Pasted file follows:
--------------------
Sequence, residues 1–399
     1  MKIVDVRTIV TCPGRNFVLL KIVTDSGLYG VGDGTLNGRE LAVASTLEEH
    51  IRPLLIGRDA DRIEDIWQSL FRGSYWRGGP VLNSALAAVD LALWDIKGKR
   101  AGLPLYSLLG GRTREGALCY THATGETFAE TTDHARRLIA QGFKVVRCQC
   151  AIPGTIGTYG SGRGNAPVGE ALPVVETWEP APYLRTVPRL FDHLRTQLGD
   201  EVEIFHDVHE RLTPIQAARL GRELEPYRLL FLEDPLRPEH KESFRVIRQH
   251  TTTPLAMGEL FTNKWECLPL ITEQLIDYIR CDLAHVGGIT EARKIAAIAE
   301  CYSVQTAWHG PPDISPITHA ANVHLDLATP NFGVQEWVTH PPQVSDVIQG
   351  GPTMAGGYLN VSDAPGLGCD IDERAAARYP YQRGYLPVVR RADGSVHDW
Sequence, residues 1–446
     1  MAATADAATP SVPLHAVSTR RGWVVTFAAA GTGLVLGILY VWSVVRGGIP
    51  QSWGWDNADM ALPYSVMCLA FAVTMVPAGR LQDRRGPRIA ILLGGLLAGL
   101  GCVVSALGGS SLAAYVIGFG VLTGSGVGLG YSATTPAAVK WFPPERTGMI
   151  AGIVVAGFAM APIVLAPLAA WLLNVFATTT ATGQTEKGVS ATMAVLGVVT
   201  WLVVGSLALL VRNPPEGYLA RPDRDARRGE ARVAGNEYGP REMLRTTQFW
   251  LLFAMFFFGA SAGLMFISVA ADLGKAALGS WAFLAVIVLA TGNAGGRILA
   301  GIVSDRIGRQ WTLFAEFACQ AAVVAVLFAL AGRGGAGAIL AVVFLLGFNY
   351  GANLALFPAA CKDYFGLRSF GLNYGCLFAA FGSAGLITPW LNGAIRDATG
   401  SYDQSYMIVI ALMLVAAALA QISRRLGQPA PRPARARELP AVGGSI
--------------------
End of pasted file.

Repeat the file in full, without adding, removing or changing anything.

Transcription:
Sequence, residues 1–399
     1  MKIVDVRTIV TCPGRNFVLL KIVTDSGLYG VGDGTLNGRE LAVASTLEEH
    51  IRPLLIGRDA DRIEDIWQSL FRGSYWRGGP VLNSALAAVD LALWDIKGKR
   101  AGLPLYSLLG GRTREGALCY THATGETFAE TTDHARRLIA QGFKVVRCQC
   151  AIPGTIGTYG SGRGNAPVGE ALPVVETWEP APYLRTVPRL FDHLRTQLGD
   201  EVEIFHDVHE RLTPIQAARL GRELEPYRLL FLEDPLRPEH KESFRVIRQH
   251  TTTPLAMGEL FTNKWECLPL ITEQLIDYIR CDLAHVGGIT EARKIAAIAE
   301  CYSVQTAWHG PPDISPITHA ANVHLDLATP NFGVQEWVTH PPQVSDVIQG
   351  GPTMAGGYLN VSDAPGLGCD IDERAAARYP YQRGYLPVVR RADGSVHDW
Sequence, residues 1–446
     1  MAATADAATP SVPLHAVSTR RGWVVTFAAA GTGLVLGILY VWSVVRGGIP
    51  QSWGWDNADM ALPYSVMCLA FAVTMVPAGR LQDRRGPRIA ILLGGLLAGL
   101  GCVVSALGGS SLAAYVIGFG VLTGSGVGLG YSATTPAAVK WFPPERTGMI
   151  AGIVVAGFAM APIVLAPLAA WLLNVFATTT ATGQTEKGVS ATMAVLGVVT
   201  WLVVGSLALL VRNPPEGYLA RPDRDARRGE ARVAGNEYGP REMLRTTQFW
   251  LLFAMFFFGA SAGLMFISVA ADLGKAALGS WAFLAVIVLA TGNAGGRILA
   301  GIVSDRIGRQ WTLFAEFACQ AAVVAVLFAL AGRGGAGAIL AVVFLLGFNY
   351  GANLALFPAA CKDYFGLRSF GLNYGCLFAA FGSAGLITPW LNGAIRDATG
   401  SYDQSYMIVI ALMLVAAALA QISRRLGQPA PRPARARELP AVGGSI